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Weight gain, diabetes on rise

October 10, 2012

Auglaize County Health Commissioner Charlotte Parsons

Cookbooks with healthier food choices and calorie counters may be in line for Christmas gifts for purchase this year in Auglaize County, if the 2012 health assessment for the county prompts local action.

In the publication recently released by the Auglaize County Health Department, diabetes and weight gain appeared to be the most significant problem areas in the county.

Auglaize County Health Commissioner Charlotte Parsons provided Health Board members with a copy of the assessment during Tuesday’s Auglaize County Health Board meeting.

Parsons said the report gives a snapshot of where county residents currently stand in terms of their health and health behaviors.

“There were no drastic changes,” Parsons said, “except we are getting fatter.”

According to the assessment, 11 percent of all Auglaize County adults had been diagnosed with diabetes, a notable jump from the 8 percent documented on the last county health assessment in 2008.

That number matches the 11 percent total statewide and is slightly higher than 10 percent nationwide. Diabetes currently ranks as the sixth-leading cause of death in Ohio, as the age-adjusted mortality rate was 37.7 deaths for 100,00 males and 25.3 for females, both higher than state averages.

The majority of those cases were type II (adult onset) diabetes, and the weight status in the county was a solid indicator to those cases. Using the body mass index formula, it was learned 71 percent of adult residents in the county were overweight, and an even more alarming 38 percent were considered obese, in excess the national average of 28 percent.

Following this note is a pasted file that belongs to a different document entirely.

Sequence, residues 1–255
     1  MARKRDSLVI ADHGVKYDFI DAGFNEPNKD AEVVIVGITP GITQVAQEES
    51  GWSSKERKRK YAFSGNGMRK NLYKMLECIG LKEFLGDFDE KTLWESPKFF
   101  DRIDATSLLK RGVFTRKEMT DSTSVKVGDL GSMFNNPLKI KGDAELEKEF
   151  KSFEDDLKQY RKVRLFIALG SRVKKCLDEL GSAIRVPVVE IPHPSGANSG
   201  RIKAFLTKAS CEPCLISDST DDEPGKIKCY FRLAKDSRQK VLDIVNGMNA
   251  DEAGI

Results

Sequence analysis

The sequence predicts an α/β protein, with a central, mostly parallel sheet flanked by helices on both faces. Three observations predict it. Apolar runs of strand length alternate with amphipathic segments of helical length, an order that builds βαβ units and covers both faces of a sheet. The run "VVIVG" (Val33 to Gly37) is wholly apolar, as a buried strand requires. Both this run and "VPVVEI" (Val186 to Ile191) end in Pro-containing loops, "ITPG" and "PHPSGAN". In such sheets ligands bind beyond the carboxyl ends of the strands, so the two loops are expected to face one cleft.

The other area of focus was youth drug use. While there were no significant changes in use, the types of drugs used had changed to more dangerous items.

“Its not just beer and pot (marijuana),” Parsons said. “The teens are more creative and experimental with their drug-use choices. Youth surveys in schools show some kids starting as early as 10 or 11.”

The assessment showed marijuana still was the leading drug of choice, as 11 percent of youth in sixth to 12th grade had used marijuana. Another 10 percent had used medications not prescribed to them or took more than the prescribed amount for the purpose of getting “high.” K2 and Spice, or synthetic marijuana, was second at 9 percent. Other popular drugs choices were inhalants (8 percent) and posh/salvia/synthetic marijuana (6 percent).

Seven percent of the youth 12 to 17 years old said they had been offered, sold or given an illegal drug on school property.

“It is something that is going to take a collaboration of different groups,” Parsons said.

Board members discussed the clean-up of a property where several dead dogs were found in August.

Wapakoneta Police Department officers responded to a call Aug. 15 when a neighbor reported seeing swarms of flies and a foul odor coming from a home at 907 Logan St. Upon arrival, officers could not get an answer at the door and forced their way into the home.

They discovered three dead dogs and another in poor health upon entry. It was determined the dogs may have went as long as nearly two months without food and water and two of the animals had been caged throughout their ordeal. They were without food and water and in extreme heat as no air conditioning or fans were on and the windows were all closed during the summer months.

The home also was in bad shape and was dirty with food and debris laying around. Rats and opossums were living in the home. It was later determined an elderly person lived in the home and had went to the hospital after becoming ill. A family member was supposed to be caring for the dogs. The resident’s name has not been released.

Parsons said the financial responsibility for the clean-up is likely going to fall back on the Health Department.

“Once we issue the orders and follow through it is very likely the financial responsibility will come to us,” Parsons said.

Board member Dan Harpster suggested getting in contact with county and city officials and making the clean-up effort a joint responsibility, which Parsons said she would investigate.

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